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Modern Nature: Journals of Derek Jarman Hardcover – 8 Aug 1991
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"The most beautiful & furious book of all time" (Olivia Laing)
"Jarman gave his garden a certain narrative; perhaps he treated it a bit like a film or theatre set. His films were visionary, eccentric, romantic and rebellious, all of which could also be said about his garden" (Guardian)
"A marvellous, moving book" (Sunday Telegraph)
"It's hard not to warm to the man who, in the face of all the personal and professional hardships described in this book, can still regard himself as 'the most fortunate film-maker of my generation" (Guardian) -- Dieser Text bezieht sich auf eine andere Ausgabe: Paperback.
A very special book – a divine, meditative and inspiring diary of Derek Jarman's famous garden at Dungeness. -- Dieser Text bezieht sich auf eine andere Ausgabe: Paperback.See all Product description
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As one might expect from a film-maker, these writings are vividly descriptive, whether Jarman is speaking of the vicissitudes of growing things on a bed of shingle in the shadow of a nuclear power station or of his encounters on Hampstead Heath. The garden at Dungeness is central to Modern Nature; it has the constant presence of a guardian angel, a place of safety to which Jarman returns gratefully, a place which centres him and which is at the centre of his being, a link with his past and a way of living in the present. The garden appears to be metaphor too; life with AIDS is undoubtedly more difficult than life before it but the pared back garden, the resilience of its plants, the curious statuary of rusted metal and stones from the sea, have a beauty and integrity synonomous with the author as revealed so intimately to us in these journals. Against all odds, the garden does not merely cling on, it triumphs - and so does Jarman.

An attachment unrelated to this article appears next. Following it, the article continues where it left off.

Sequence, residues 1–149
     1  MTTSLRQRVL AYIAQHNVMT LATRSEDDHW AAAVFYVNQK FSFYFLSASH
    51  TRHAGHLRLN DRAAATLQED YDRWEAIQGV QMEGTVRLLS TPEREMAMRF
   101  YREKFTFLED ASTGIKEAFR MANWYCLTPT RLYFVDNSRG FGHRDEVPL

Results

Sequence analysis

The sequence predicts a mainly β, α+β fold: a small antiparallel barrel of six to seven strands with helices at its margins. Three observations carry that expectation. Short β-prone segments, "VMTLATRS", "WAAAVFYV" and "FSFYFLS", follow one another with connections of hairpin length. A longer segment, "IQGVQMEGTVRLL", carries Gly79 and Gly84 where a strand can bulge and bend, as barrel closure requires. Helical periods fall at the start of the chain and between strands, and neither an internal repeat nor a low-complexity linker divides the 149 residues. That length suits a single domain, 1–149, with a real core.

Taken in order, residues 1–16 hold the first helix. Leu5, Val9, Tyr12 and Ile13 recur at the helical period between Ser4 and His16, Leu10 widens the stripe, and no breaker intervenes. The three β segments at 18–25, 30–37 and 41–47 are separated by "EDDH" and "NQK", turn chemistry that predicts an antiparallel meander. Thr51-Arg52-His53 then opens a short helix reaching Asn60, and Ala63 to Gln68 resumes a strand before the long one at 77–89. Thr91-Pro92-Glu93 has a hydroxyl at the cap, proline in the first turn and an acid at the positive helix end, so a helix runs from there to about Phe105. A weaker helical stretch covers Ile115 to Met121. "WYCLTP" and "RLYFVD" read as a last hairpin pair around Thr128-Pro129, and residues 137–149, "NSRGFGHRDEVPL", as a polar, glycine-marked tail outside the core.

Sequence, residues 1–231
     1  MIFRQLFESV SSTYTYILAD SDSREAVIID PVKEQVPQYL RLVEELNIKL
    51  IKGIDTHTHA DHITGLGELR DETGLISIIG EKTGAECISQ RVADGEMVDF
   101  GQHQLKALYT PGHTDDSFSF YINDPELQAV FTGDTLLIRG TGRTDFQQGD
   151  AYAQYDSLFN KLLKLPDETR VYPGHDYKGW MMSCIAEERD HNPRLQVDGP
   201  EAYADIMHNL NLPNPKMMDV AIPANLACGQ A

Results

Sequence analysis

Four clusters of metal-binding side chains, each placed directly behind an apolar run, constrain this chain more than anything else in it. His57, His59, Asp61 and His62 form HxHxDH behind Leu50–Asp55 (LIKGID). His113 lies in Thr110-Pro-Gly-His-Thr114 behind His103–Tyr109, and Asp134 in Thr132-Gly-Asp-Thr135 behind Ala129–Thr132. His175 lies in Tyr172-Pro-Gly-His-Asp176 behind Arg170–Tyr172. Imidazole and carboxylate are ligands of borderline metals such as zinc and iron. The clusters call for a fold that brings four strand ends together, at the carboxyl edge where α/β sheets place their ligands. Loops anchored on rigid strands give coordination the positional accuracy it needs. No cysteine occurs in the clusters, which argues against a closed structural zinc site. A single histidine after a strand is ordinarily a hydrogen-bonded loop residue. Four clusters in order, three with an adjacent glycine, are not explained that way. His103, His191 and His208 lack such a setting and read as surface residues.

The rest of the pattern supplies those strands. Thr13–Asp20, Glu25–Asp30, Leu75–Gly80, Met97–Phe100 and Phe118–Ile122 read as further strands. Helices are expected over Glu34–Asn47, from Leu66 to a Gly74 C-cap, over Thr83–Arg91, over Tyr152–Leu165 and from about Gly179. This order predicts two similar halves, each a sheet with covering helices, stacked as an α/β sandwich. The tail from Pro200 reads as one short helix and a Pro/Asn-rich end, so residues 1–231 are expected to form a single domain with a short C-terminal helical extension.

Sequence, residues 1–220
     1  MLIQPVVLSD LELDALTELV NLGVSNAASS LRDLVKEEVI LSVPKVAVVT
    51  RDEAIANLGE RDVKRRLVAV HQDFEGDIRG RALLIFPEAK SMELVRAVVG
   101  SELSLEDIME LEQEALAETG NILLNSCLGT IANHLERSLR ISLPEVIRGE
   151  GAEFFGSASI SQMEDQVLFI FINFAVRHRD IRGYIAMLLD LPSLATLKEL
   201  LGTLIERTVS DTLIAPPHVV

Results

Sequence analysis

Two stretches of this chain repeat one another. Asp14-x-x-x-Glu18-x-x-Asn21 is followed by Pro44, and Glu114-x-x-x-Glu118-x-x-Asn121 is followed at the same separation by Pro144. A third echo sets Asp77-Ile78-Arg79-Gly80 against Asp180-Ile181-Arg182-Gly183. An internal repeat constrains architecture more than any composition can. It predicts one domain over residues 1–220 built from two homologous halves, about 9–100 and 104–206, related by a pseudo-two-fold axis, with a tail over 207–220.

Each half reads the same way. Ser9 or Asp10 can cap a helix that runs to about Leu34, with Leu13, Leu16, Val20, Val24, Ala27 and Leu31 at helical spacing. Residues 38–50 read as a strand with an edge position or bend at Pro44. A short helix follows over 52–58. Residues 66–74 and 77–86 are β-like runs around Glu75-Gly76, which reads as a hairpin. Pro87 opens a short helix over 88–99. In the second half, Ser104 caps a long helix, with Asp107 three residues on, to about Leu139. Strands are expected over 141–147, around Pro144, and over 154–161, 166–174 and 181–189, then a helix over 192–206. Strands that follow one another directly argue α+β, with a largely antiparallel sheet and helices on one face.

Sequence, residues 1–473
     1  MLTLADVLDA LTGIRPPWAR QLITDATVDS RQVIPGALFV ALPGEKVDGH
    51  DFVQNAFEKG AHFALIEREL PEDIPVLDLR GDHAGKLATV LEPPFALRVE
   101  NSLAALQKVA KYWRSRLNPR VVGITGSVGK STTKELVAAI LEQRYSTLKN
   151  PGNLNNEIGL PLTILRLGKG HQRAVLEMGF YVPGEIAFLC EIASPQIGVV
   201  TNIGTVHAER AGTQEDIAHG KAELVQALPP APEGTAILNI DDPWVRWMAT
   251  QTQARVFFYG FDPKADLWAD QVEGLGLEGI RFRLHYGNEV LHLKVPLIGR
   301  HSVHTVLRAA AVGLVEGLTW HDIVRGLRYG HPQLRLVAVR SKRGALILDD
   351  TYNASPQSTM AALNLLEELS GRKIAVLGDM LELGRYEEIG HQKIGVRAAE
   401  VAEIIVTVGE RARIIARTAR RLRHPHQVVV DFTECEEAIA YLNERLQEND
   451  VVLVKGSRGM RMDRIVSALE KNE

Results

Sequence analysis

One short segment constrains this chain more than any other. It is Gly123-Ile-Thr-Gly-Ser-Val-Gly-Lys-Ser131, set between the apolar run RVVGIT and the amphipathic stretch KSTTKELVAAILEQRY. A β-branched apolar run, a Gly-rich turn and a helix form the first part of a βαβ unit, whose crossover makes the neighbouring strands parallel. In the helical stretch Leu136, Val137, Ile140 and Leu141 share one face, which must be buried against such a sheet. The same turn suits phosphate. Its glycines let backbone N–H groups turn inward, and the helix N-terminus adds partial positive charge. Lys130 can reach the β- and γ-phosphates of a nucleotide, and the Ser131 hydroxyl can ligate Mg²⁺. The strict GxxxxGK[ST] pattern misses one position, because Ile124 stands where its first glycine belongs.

This is not an easy read. As the book progressed, I felt increasingly understanding of Derek Jarman the man. Injustices which rankle with him rankled me too - the fact that 'special measures' applied when a film of his was screened on television later than other films in a series by other film-makers, the fact that Ian Charleson was apparently encouraged to cite Chariots of Fire not Jarman's Jubilee as his debut role given the then frenzied prejudice around AIDS and homosexuality. There is too the huge injustice of Jarman's own illness, the deaths of his friends cut down like flowers; he is honest and matter of fact in the face of such devastation - as you'd expect, no mawkish sentimentality here, yet the depth of his feeling is unquestionable.
Another constant theme in these journals is love. Jarman shows us a country where, although the flesh is weakened, the spirit simply burns more brightly. Writings about HB are filled with love and it is clear the feeling is mutual. HB helps Jarman both practically and spiritually and the depiction of their relationship is one of the most moving aspects in a book which is continually affecting.
The world we now inhabit is rather a different place from the one Derek Jarman moved in. What would he have made of it all? Yet his garden still endures. For some of us, it will remain a garden of the imagination; it makes us think of other gardens as diverse as Bosch's Garden of Earthly Delights, of Eden, of lost gardens, of our own garden, of home. Gardens are a collaboration between God and man and they are constantly on the brink of a return to wilderness.